AB 392 states: “where feasible, a peace officer shall, prior to the use of force, make reasonable efforts to identify themselves as a peace officer and to warn that deadly force may be used, unless the officer has objectively reasonable grounds to believe the person is aware of those facts.” This requirement is consistent with federal case law and is consistently reviewed during departmental training.

Relevant Roseville Police Department policies:

*note: These links may take a while to load as the document size is very large. 

#3 Duty to intervene

SB 230 sets forth a “requirement that an officer intercede when present and observing another officer using force that is clearly beyond that which is necessary, as determined by an objectively reasonable officer under the circumstances.” This provision is consistent with federal law as well.

With Roseville Police Department this concept is trained at the academy basic level, field training of new hires, and in-service training. This is a requirement of all of our officers and is supported by the culture of accountability and professionalism in our agency.

Relevant Roseville Police Department policies:


*note: These links may take a while to load as the document size is very large.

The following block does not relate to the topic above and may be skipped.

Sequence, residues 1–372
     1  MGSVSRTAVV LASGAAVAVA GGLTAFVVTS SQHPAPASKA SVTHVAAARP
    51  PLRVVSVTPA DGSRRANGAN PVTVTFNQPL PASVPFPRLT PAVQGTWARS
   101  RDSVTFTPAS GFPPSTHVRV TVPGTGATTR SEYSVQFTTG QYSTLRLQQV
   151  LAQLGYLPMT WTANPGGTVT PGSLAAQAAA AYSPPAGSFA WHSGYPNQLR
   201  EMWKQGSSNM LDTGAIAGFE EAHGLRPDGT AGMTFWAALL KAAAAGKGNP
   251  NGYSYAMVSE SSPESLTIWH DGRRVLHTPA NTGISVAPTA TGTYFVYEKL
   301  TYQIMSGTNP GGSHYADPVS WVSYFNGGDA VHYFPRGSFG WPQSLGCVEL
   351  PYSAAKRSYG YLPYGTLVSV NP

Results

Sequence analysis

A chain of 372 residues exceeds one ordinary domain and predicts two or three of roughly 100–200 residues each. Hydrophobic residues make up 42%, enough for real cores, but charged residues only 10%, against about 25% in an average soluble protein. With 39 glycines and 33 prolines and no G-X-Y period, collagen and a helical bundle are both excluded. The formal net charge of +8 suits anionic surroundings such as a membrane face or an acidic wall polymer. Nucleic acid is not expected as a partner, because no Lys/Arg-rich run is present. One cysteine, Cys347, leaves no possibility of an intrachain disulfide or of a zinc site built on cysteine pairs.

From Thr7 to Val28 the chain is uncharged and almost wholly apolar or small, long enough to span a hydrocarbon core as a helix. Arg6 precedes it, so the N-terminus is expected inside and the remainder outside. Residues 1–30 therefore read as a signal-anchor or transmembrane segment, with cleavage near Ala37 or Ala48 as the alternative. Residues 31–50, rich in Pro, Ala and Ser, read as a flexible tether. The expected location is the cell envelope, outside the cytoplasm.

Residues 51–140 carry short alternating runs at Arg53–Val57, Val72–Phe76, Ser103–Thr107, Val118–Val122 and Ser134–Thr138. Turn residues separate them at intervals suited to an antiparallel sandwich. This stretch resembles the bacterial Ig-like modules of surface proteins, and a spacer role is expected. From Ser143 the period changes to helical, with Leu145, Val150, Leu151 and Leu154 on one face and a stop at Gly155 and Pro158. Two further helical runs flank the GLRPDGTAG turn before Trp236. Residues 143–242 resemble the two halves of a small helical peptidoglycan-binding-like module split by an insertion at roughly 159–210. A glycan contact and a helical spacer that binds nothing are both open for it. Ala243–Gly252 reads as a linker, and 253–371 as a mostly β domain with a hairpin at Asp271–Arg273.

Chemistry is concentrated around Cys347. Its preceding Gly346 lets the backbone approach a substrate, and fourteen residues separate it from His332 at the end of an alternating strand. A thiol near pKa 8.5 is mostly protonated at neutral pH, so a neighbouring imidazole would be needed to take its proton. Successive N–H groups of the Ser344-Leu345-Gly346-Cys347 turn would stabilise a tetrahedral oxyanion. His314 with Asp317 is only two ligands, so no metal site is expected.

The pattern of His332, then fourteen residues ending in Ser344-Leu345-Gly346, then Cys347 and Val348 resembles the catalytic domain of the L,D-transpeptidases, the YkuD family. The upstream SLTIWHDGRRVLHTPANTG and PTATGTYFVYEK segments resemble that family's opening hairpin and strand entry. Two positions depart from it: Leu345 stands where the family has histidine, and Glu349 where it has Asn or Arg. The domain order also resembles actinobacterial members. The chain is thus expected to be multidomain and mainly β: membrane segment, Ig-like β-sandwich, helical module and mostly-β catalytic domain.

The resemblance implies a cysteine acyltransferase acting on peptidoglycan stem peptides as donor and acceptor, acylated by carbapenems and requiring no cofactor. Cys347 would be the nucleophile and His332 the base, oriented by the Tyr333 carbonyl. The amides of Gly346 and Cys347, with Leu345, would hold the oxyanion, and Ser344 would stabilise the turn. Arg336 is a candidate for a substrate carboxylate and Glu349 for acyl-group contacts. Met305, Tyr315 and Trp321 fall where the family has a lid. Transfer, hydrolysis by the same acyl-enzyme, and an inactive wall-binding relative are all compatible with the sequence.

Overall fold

#4
Require comprehensive reporting

SB 230 already requires “comprehensive and detailed requirements for prompt internal reporting and notification regarding a use of force incident.” Additionally, legislation from 2015 (Assembly Bill 71) requires statewide detailed reporting requirements on serious use of force incidents. SB 230 also requires officers to report excessive force they witness.

Relevant Roseville Police Department policies:

*note: These links may take a while to load as the document size is very large. 

We also report our yearly statistics to the California Department of Justice as required and those are subsequently forwarded to the Federal Bureau of Investigation.



#5
Ban chokeholds and strangulations

Prior to June 8, 2020 the Roseville Police Department authorized and trained in the rarely utilized use-of-force option known as the carotid restraint. The technique had previously been reserved for the most violent situations an officer would confront. The training and protocol was certified by the California Peace Officers Standards and Training Commission.

Effective June 8, 2020 the Roseville Police Department has now prohibited the use of the carotid constriction as a use-of-force option.



#6
Ban shooting at moving vehicles

SB230 requires “Comprehensive and specific guidelines for the application of deadly force,” which should include guidance on the limited situations that would warrant shooting at moving vehicles.